The final few miles of the Whidbey Island Half Marathon in April were grueling. That last stretch is always tough for me, but this was different. In addition to being physically exhausted, my mental outlook on the race went in the toilet when I saw the two-hour pacer pass me. After two lackluster halfs in 2016, this was supposed to be my comeback race. All I wanted to do was finish with a time under two hours, but thanks to the young man running with the stick that looked like it wasn’t going to happen.
There’s always a point during half marathons when I deeply question the logic of running 13.1 miles. The doubtful thoughts usually arrive somewhere around mile nine.
Why did you decide to do this again? Are you trying to prove something? There’s no shame in running 10Ks.
As the pacer pulled away, I questioned half marathon running in a more serious way than before. I’d trained hard for this race, maybe harder than I’d ever trained, and if I wasn’t able to break two hours this time around, then perhaps there was little chance of every reaching that hallowed mark again.
Perhaps 13.1 miles is too much for you at this point. Maybe you’re too old for this shit. There’s no shame in running 10Ks.
But I endured. I fought through fatigue and calves that were on the verge of cramping. I pushed myself and started to make up ground. In the final stretch of the race I picked up the pace. I turned my frustrated shuffle into something resembling running. I passed the pacer in the final hundred yards and finished with a sub-2-hour time. What’s more, the pacer was even ahead of schedule and I finished with an official time of 1:57:54.
In the days that followed, I rested, but didn’t fall into my usual post-race sloth. I kept running, albeit lightly, and even ran a mellow 5K the following Sunday. I didn’t allow myself too much down time for a simple reason… I was considering running another half marathon in June.
Since becoming a serious runner in 2012, my race schedule has been pretty much set in stone:
- Run a half marathon in spring (late April/early May)
- Run 5Ks and 10Ks during the summer
- Run a half marathon in fall (late October/early November)
- Run a Thanksgiving Turkey Trot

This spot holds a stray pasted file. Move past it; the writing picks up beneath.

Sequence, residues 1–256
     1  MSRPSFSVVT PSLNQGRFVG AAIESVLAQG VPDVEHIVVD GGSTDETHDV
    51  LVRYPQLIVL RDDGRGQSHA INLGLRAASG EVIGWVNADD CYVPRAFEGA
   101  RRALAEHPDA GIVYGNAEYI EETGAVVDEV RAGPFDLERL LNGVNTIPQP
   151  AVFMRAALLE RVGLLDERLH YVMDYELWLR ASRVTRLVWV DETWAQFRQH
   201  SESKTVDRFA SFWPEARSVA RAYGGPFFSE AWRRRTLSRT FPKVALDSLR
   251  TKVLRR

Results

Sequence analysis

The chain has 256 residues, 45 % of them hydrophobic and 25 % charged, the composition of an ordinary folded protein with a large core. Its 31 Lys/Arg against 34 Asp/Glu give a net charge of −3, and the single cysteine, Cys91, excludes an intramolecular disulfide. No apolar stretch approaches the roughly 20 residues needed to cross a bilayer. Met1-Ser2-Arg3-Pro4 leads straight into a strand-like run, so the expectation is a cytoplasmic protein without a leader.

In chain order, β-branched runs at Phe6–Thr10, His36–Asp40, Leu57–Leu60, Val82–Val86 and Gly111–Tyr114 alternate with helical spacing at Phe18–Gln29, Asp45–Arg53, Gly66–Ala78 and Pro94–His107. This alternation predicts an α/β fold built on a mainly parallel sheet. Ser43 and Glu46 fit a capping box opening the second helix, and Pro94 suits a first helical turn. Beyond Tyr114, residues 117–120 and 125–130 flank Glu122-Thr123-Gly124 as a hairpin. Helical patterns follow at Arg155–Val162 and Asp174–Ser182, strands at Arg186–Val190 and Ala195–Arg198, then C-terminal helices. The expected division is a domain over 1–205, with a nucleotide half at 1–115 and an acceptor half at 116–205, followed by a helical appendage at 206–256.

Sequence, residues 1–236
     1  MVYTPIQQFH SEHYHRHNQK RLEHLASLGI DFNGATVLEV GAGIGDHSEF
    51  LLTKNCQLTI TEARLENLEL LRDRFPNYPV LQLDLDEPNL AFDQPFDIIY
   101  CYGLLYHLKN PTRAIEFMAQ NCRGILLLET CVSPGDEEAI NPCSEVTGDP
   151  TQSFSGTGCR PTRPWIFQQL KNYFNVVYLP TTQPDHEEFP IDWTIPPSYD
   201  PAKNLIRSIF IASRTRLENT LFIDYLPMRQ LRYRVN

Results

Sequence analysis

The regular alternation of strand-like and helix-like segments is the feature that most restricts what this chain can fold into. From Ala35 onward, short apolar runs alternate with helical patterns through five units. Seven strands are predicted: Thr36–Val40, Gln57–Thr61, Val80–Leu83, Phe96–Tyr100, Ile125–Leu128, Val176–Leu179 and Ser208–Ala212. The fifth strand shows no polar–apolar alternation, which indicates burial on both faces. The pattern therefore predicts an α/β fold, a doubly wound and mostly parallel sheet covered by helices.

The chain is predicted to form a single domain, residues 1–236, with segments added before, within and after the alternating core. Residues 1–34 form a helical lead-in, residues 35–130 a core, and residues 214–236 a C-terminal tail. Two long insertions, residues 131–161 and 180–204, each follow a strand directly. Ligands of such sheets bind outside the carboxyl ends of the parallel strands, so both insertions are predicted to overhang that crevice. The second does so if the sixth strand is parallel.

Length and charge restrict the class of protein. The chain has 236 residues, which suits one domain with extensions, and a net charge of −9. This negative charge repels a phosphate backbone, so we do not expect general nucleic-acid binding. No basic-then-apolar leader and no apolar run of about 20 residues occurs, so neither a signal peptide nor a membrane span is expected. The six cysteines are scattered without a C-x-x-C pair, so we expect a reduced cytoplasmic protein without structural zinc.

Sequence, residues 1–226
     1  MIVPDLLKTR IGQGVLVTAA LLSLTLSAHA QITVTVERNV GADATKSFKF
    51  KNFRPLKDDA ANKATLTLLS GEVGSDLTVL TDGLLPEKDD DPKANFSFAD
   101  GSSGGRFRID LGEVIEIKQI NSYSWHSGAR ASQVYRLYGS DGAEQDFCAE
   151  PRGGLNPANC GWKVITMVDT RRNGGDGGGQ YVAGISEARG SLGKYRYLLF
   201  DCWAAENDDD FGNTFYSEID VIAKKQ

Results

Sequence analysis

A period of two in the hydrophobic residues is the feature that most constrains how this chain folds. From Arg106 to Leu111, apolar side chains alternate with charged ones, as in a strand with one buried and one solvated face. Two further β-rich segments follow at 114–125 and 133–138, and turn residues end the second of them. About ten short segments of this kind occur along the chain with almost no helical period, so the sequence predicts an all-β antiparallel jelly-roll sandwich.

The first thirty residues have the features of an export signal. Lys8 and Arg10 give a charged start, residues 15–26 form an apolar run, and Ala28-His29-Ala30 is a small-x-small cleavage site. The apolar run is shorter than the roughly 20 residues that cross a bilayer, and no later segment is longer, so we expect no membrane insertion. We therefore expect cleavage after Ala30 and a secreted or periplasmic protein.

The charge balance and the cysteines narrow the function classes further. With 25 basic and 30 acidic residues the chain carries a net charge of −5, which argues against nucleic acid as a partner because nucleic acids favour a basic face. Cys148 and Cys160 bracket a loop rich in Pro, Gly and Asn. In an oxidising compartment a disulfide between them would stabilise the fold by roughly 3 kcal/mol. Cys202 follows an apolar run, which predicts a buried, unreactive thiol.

- Hibernate for the winter
However, I’ve been trying to get out of my stale routine and shake things up in 2017. I did not hibernate through this past winter. I’ve been hitting the trails a lot more and signing up for as many races as I can. But nothing would break up the tedium quite like adding a third half marathon to my year.
As I basked in the afterglow of my return to decent half marathon running, I researched the Rock ‘n’ Roll Seattle. For reasons too numerous and boring to get into, the course is ideal for me and not too hilly, at least by Seattle standards. (I actually drove the course to make sure.) The event’s date — Father’s Day, June 18th – allows me plenty of time to ramp back into training mode and since my next half marathon will be my 10th, it also gives me the chance to celebrate the milestone by participating in a big, loud, lively race in my own backyard.
So I signed up.
I realize that for truly committed distance runners, the guys and gals who throw down 20 miles a week in their sleep, running two half marathons, two months apart is no big deal. But for me, it’s an enormous challenge, one that was made even more difficult when I came down with a cold during the second week of my eight week training plan. This prolonged illness ground my running to a near halt and has already resulted in a couple of lackluster races – a trail 10K where I hit a wall and a 5-mile road race that was a bit slower than I would’ve liked.
Now I’m less than four weeks away from the race and I’m wondering if I’ve made a mistake. Perhaps I’m flying too close to the sun. Instead of prolonging the joy of April’s success, I’m putting myself in a position to melt my wings and spend the next four months wondering if Whidbey Island was the exception rather than the rule.
There’s no turning back now, mostly because I’ve already dropped $137.48 on the entry fee. So I’m staying upbeat. I’m sure I’ll do fine. I have warm temps and sunny skies beckoning me to the road. I can do it!
I’m counting on this excessive positivity carrying me through training and probably the first 9 to 10 miles of the race. After that my muscles will cry out and the clouds will roll in. My thoughts will darken and my outlook will sour. But I will push through the doubt and the pain of a 13.1 mile race for the 10th time. I will endure and I will finish.
And if I can’t finish in under two hours, well, I guess there’s no shame in running 10Ks.